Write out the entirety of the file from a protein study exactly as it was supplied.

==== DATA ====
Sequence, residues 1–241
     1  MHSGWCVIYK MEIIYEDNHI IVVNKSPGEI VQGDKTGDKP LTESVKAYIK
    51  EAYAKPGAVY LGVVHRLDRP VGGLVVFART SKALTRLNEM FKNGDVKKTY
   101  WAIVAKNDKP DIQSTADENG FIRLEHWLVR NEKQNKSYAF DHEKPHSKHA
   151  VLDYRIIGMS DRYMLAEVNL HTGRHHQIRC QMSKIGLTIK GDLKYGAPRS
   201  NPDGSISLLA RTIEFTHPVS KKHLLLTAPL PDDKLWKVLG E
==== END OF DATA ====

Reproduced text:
Sequence, residues 1–241
     1  MHSGWCVIYK MEIIYEDNHI IVVNKSPGEI VQGDKTGDKP LTESVKAYIK
    51  EAYAKPGAVY LGVVHRLDRP VGGLVVFART SKALTRLNEM FKNGDVKKTY
   101  WAIVAKNDKP DIQSTADENG FIRLEHWLVR NEKQNKSYAF DHEKPHSKHA
   151  VLDYRIIGMS DRYMLAEVNL HTGRHHQIRC QMSKIGLTIK GDLKYGAPRS
   201  NPDGSISLLA RTIEFTHPVS KKHLLLTAPL PDDKLWKVLG E